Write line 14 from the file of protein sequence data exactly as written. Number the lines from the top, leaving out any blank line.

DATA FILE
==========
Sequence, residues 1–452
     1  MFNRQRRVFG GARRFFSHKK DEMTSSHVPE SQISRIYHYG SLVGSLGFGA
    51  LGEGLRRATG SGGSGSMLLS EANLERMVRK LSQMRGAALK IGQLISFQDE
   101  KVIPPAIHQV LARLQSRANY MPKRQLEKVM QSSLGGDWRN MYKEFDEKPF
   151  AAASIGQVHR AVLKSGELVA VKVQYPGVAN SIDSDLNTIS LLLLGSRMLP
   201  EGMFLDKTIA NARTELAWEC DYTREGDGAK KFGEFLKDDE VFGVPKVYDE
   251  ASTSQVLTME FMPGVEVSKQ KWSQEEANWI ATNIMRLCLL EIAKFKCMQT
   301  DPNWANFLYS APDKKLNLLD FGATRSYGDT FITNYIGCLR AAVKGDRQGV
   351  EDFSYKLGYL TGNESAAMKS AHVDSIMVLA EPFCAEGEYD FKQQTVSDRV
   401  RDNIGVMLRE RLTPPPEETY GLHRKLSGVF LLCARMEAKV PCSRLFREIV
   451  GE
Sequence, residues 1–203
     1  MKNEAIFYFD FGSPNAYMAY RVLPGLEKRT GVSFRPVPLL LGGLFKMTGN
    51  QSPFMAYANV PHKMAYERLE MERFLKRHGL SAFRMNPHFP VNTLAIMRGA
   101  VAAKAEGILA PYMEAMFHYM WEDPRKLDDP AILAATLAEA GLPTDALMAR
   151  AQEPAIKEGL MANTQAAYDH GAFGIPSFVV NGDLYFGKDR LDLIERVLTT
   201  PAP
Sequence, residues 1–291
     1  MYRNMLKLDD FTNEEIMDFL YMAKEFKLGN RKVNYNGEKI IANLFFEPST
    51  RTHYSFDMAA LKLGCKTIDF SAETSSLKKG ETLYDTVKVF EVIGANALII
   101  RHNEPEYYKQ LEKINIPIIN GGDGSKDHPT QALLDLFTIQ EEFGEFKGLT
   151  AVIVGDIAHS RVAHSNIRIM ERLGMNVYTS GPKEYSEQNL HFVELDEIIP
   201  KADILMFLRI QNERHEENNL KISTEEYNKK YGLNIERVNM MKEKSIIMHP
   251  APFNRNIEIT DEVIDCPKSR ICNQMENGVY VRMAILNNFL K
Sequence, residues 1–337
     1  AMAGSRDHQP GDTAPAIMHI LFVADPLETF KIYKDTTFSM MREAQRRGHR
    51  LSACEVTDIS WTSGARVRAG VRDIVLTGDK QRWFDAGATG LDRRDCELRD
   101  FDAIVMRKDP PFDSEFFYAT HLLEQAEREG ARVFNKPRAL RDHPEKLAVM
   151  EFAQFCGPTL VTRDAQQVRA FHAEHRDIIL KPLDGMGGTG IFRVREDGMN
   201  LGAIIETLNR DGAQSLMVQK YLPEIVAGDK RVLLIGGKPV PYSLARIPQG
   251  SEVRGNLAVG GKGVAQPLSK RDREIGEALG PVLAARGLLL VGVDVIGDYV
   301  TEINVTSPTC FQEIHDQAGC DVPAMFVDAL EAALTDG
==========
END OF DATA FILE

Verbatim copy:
    51  QSPFMAYANV PHKMAYERLE MERFLKRHGL SAFRMNPHFP VNTLAIMRGA